The situation is the same for a government "paying for" a "toll-free" road. Here we have to work through some of the differences between road builders and publishers. Universities won't have much bargaining power as long as publishers put out "must-have" journals and universities are unwilling to cancel. We're still in that epoch, but we're in the late stages. Decades of hyperinflationary price increases are pushing us past it. Every year universities cancel journals that were "must-have" just a few years earlier.
The longer subscription journal prices rise faster than inflation, the more universities will be forced to cancel valued titles, and the more realistically they can threaten to cancel others in the future.
Though we're still moiling through this historical change, after a critical point universities will be able to tell publishers, "This is what we want. If you can't provide it, we'll find someone who will. If you don't want it, we'll sell to others who do. The very idea of a toll free road is new and unheard of. Then imagine a town trying to commission a toll-free road.
The road builder might say, "No, sorry. That's not what I do. I can build you a toll road. Take it or leave it. It makes a huge difference who can say "take it or leave it" in a negotiation. Right now publishers tend to hold that privileged position. But as prices and cancellations keep rising, the positions are reversing. Even apart from the average balance of bargaining power, slowly shifting to universities, there is the bargaining power over specific titles.
The desirability of journals is a matter of degree, despite the binary sound of "must-have". Some high-demand journals may be unthreatened by all recent developments. But the set of unthreatened journals is shrinking, and set for which universities could modify basic terms to better serve research and researchers is growing. For a growing number of journals overall, universities could cancel, threaten to cancel, or bargain effectively, if they wanted to.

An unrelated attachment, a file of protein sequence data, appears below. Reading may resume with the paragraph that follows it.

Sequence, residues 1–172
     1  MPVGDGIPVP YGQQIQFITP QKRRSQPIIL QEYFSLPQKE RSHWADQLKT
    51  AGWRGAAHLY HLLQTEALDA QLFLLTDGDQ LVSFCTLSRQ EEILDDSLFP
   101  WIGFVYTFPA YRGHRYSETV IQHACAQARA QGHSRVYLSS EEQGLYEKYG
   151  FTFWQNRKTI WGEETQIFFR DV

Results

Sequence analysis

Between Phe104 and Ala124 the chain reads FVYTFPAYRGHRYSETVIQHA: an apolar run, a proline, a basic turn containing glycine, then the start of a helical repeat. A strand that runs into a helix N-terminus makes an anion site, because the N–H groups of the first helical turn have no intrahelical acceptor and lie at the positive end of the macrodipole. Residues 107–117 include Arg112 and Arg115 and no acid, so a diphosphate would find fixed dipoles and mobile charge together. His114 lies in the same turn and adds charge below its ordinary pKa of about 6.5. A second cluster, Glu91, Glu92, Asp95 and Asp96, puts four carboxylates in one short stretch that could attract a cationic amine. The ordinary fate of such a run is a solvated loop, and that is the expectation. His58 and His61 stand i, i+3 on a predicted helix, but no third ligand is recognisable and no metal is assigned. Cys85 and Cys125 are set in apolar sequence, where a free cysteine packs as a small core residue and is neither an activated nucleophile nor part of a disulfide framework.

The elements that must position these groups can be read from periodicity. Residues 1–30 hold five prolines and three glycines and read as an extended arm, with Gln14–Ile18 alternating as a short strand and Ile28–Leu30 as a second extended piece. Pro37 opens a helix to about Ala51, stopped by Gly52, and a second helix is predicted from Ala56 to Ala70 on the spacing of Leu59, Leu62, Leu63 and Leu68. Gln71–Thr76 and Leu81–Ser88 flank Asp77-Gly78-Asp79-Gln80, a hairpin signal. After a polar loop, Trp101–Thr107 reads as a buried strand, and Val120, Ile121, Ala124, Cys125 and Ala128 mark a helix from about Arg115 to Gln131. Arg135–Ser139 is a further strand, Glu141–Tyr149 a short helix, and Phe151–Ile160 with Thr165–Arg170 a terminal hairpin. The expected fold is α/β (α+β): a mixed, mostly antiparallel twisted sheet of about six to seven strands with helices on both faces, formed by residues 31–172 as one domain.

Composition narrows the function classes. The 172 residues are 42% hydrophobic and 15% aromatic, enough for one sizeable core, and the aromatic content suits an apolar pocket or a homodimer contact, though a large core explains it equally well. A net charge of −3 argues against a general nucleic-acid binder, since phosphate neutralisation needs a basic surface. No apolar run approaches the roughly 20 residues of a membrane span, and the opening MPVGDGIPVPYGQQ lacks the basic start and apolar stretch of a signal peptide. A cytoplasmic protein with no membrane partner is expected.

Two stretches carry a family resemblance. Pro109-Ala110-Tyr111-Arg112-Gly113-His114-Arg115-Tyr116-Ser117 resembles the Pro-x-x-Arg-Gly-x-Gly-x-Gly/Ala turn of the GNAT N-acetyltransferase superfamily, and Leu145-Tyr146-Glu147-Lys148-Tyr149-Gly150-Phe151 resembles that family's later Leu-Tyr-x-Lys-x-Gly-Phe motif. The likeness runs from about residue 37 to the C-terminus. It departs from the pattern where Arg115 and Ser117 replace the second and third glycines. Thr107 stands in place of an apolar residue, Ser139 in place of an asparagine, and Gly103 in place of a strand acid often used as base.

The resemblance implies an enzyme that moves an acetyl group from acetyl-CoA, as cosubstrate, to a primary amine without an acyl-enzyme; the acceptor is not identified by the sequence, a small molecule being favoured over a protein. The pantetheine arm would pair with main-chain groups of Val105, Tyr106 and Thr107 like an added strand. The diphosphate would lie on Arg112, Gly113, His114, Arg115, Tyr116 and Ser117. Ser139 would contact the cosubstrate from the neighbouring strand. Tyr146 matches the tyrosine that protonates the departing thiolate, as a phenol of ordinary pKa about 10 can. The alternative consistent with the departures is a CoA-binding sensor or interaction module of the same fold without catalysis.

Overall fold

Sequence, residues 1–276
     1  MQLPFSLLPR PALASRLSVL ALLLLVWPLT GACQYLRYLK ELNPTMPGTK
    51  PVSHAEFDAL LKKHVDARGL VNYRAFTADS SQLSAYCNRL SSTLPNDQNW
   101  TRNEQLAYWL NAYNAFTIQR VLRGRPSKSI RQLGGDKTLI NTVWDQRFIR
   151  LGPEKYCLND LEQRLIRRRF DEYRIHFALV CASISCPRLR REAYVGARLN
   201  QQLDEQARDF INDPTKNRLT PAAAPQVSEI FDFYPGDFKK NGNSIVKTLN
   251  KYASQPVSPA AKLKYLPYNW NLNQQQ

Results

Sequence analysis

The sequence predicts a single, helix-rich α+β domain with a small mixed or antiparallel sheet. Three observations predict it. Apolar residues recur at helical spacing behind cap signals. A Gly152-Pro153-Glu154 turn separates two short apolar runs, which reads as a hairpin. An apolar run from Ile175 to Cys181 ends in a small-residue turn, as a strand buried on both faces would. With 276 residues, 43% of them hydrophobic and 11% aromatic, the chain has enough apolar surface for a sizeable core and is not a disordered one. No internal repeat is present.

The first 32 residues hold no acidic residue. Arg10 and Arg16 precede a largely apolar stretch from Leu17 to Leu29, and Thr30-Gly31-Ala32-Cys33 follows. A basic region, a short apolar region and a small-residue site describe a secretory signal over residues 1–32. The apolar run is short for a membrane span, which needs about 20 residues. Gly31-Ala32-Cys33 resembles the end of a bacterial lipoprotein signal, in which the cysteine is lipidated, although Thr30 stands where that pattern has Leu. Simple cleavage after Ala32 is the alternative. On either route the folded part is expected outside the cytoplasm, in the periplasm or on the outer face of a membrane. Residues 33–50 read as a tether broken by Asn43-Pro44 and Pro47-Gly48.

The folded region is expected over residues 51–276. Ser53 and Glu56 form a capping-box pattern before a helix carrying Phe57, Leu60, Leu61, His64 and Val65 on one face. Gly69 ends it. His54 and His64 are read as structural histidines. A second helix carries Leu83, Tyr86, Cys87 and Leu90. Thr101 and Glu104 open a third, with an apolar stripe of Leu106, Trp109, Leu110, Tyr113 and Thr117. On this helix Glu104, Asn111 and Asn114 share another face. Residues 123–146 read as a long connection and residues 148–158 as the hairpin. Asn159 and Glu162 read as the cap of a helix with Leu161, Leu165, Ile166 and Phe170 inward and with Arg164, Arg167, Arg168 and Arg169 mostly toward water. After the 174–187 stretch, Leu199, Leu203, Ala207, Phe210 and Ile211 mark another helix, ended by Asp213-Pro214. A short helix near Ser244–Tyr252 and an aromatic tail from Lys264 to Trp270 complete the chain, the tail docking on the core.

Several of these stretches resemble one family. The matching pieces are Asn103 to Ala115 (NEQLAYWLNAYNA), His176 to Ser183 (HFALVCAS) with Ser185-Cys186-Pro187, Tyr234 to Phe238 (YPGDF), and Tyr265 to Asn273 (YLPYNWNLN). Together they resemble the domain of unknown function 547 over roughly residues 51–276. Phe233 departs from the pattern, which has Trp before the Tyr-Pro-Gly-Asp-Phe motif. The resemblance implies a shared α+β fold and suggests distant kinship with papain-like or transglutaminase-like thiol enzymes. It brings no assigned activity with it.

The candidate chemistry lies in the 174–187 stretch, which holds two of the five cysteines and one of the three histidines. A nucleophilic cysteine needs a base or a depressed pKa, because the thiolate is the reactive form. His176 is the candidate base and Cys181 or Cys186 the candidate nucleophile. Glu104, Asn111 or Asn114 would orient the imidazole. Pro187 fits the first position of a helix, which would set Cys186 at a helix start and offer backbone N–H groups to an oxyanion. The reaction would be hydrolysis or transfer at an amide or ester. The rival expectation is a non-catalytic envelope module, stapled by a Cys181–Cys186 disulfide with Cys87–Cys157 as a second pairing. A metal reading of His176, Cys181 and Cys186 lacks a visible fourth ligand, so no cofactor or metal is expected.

If we don't want to wait for slow processes to shift more bargaining power to universities, then concerted action could change the picture overnight. If anti-trust law blocks concerted action, universities could achieve much the same result by making individual, independent, convergent requests of publishers. This is feasible to the extent that universities really do have a common interest say in OA, and could start to demand what they want, separately and without coordination.
In general, publishers have more bargaining power than universities today because they are more aggressive in acting on their own interests, not because they act as a cartel. Universities could be more aggressive in acting on their own interests and avoid any whiff of cartel.
If concerted university action does raise anti-trust problems, on which I have no opinion, then note the irony that in this case anti-trust law would not block a private monopoly opposing the public interest but block a public good advancing the public interest. Universities that act alone for better terms from publishers are as unlikely to succeed as workers who ask for raises alone.
But universities can act together without acting as a cartel if critical numbers of them become courageous about seeking their own interests at about the same time. Without critical numbers and critical timing, early requests will simply be rejected. But as soon as some large institutions or clusters of institutions start to win concessions, it will be easier for the next institutions to make the same requests and build on the momentum.
To adapt a point I made last December: But after a point, when other OA initiatives have had their effect, and more TA [toll access] publishers have adapted to an OA world, universities will encounter fewer flat refusals and the [university demands for better terms] will trigger more publisher accommodation than publisher resistance. Enlightened [universities] will be watching for that moment and testing the waters.
Because the odds of success soar as more universities adopt similar policies, or because followers take fewer risks than leaders, [university demands for OA from publishers] may spread quickly once they are adopted.
Finally, as I argued elsewhere in the same piece, the recession adds a new layer of opportunity: It may sound strange to call the financial crisis an opportunity for governments.